Record High Corn Prices. . . Supply Shrinks

Rev 6:6 NAS And I heard something like a voice in the center of the four living creatures saying, "A quart of wheat for a denarius, and three quarts of barley for a denarius; and do not damage the oil and the wine."

Editor's Note: The rider of the black horse carries with him famine and economic collapse, signified by the weighing scales and the exorbitant prices for food.

CornIllinois Farm Bureau says the state is experiencing the sixth driest year on record.

Agricultural meteorologists are forecasting hot, dry weather for the next two weeks which will continue to wreak havoc on the corn and soybean crops in the western and northern sections of the Midwest. Rain in the east will provide some relief for the soybean crops.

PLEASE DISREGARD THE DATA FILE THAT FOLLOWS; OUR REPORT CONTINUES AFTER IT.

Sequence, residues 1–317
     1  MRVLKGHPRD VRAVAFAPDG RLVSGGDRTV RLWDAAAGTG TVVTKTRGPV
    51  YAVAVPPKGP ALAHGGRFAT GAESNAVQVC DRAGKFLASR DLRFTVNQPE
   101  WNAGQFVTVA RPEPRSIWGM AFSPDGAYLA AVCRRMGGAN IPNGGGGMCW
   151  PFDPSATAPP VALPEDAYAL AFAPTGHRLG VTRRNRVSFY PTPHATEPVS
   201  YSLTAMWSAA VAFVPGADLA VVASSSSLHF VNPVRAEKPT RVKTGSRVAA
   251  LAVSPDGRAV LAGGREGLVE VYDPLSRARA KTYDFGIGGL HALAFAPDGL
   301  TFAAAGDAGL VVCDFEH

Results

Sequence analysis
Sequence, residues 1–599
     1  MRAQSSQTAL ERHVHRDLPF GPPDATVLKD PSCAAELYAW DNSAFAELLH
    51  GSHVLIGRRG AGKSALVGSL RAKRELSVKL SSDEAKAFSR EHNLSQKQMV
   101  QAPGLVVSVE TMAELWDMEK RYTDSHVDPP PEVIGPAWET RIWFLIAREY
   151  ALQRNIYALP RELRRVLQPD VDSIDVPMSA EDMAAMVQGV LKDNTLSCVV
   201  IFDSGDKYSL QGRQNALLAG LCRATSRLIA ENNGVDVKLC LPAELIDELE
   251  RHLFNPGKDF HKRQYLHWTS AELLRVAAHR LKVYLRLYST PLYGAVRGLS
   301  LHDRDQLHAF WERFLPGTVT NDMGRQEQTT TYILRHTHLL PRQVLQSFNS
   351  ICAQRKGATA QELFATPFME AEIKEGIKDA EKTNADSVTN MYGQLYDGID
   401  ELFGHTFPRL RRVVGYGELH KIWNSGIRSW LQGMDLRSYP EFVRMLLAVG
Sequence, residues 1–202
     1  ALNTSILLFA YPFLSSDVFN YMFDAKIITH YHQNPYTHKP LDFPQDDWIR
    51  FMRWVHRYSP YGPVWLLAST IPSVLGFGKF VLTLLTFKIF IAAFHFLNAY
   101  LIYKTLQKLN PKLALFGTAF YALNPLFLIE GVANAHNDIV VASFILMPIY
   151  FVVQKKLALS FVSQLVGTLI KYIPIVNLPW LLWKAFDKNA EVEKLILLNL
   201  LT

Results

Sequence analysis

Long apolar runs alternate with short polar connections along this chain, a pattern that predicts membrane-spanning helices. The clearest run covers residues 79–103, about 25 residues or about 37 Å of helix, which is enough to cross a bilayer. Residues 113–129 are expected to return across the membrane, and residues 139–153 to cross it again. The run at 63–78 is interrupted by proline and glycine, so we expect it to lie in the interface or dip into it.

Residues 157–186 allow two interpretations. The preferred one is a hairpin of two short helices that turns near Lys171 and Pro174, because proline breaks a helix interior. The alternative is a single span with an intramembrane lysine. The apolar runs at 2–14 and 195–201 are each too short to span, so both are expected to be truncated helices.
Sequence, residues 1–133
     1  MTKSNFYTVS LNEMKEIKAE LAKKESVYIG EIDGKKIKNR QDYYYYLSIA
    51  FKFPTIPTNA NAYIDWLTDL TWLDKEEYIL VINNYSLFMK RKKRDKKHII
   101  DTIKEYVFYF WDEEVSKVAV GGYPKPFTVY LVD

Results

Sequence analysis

Drought in the U.S. is spreading into the west and northwestern food-belt which will lead to further stress and even more crop losses. Hot, dry weather will continue in Illinois, Iowa, Kansas, Nebraska, the Dakotas and western Wisconsin for the next few weeks. Temperatures have been hovering around the one-hundred mark in Chicago and St. Louis. It will be cooler this weekend but hotter weather is expected to return next week.

The drought is escalating and is the worst in over 50 years. The devastation last week left only 40% of the crop in good condition. This week that level has dropped down to 31%. Soybeans are at 34% of the retrievable level, but unlike corn there is the possibility of a recovery.

These kinds of losses reflect in the food chain. We have not seen any effect yet in the beef, pork and chicken market, but by this next spring the higher prices will be passed on to the consumers.

Cereals and other corn-based food products are not likely to show a big rise in price but will reflect an increase of about 12 cents a box.

Ethanol is another story. That issue is heating up. Producers have already been shutting down some of their production due to the receding demand.

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